Multitasking is the biggest culprit behind unproductive meetings, and checking email and doing unrelated work are noted as the biggest distractions. Ineffective meetings create frustration at all levels, but especially for senior leadership teams, who have limited amounts of free time on any given day.
Executive administrators, meeting coordinators, and assistants alike should plan executive meetings with fundamental (yet often overlooked) principles of good meeting design in mind to ensure that executive meetings are as productive as possible.
Using Design Thinking to Plan More Productive Meetings
Design thinking is a methodology useful in solving complex problems and creating innovative products and services. Highly successful organizations such as IBM and McKinsey & Company implement design thinking to understand their key customers and maintain a competitive advantage. Hugo Sarrazin, a senior partner at McKinsey, believes “the reason [design thinking] is becoming so important today is we’re seeing the limitation of traditional ways of approaching problems.”
According to IDEO, design thinking is human-centered, collaborative, optimistic, experimental, and focused on empathy and understanding the end users’ needs. By empathizing around a specific audience’s needs — in this case, executive meeting attendees — meeting planners can design an engaging experience that meets specified goals while being productive.
Tips for Implementing Design Thinking
Taking a human-centered approach to meetings means getting away from tired traditions and experimenting more, especially when it comes to your executive participants.
There are three major elements of design thinking meeting planners should focus on:
Put yourself in the shoes of an executive meeting attendee. Ask yourself, “What am I looking for when attending an important meeting?” Better yet, hold a focus group to ask executives directly about their needs.
My experience when talking to executive meeting attendees is that they want “to get away without going away.” They want to get out of the standard office boardroom and have a new experience that inspires without distracting. Being in the same space for too long can dull the imagination and discourage participation. New rhythms and different environments have the potential to inspire more innovative thinking and productivity among executives.
It’s especially important to anticipate the needs of these meeting attendees and not break the flow. Make sure the room is fully stocked with everything executive attendees may need — such as notepads, pens, and other office supplies — to ensure participants don’t break focus to look for them.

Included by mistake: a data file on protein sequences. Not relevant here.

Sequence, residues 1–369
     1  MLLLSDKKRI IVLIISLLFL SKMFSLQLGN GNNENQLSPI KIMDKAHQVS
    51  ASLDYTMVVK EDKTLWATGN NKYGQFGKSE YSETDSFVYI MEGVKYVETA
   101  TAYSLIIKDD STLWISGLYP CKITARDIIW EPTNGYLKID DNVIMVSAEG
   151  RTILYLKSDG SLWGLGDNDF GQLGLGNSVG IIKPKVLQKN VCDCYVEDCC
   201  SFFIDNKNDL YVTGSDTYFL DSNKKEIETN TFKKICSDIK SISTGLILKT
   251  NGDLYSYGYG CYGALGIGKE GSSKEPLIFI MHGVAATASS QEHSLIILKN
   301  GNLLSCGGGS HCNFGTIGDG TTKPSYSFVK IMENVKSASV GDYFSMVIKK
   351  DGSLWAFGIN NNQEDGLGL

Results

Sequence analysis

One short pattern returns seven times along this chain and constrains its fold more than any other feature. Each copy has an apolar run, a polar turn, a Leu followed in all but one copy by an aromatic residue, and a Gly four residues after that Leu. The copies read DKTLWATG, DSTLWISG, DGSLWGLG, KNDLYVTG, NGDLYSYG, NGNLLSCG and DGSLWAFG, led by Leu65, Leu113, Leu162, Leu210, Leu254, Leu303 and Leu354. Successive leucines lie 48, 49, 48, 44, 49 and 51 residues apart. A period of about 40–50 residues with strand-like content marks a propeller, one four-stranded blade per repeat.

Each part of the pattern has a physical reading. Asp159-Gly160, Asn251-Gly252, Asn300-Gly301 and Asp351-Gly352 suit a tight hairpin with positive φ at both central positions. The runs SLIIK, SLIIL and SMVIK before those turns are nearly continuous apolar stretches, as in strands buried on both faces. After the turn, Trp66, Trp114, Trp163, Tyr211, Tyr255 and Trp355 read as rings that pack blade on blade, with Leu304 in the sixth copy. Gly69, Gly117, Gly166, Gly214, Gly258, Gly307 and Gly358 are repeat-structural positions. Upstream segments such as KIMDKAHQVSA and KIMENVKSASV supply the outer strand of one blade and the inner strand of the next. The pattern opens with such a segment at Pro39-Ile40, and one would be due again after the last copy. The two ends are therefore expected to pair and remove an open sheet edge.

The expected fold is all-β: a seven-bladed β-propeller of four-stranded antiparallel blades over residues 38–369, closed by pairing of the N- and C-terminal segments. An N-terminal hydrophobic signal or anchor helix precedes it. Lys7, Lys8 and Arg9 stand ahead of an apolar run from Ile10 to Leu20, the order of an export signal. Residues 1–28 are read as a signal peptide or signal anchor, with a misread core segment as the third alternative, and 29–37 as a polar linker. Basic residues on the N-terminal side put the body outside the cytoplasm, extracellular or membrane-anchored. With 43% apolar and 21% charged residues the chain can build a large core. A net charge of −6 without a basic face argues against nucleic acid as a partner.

Similarly, don’t overlook the technology requirements for the meeting room. Attendees don’t want to be scrambling on the floor, looking for electrical outlets or the cords to connect to the screens.
To ensure efficiency and productivity for your attendees, do the legwork ahead of time and develop a partnership with the A/V team at your event venue to ensure all technology questions are answered in advance. Ask them what the biggest pain points have been for other executive meetings hosted in the space so you can address each one well in advance.
Food and drink choices are just as important; “hangry” meeting attendees are not productive. At Convene, we’ve conducted focus groups and interviews with dozens of executives and found meeting attendees want constant access to snacks — both sweet and savory — as well as plenty of caffeinated and noncaffeinated beverages.
If you’re planning a meal, it’s best to completely avoid common allergens such as shellfish and nuts in the food you serve and to always provide vegan and vegetarian options. Also, focus on food that contains rich protein to provide energy and fuel attendees throughout the day so they don’t fall into a slump after lunch.
A Productive Executive Meeting Makes Dollars and Sense
By implementing a design thinking approach, you’ll be able to improve the way people collaborate and communicate in executive meetings. It will often mean that you allocate more planning per meeting and appropriately involve stakeholders in being explicit about their goals.
Design thinking also asks that we measure our results and realize improvements through incremental success. Asking for feedback from meeting attendees, conducting surveys, holding focus groups, and encouraging a mindset of continuous improvement will go a long way toward making executive meetings more of an experience and less of a waste of time in the participants’ eyes.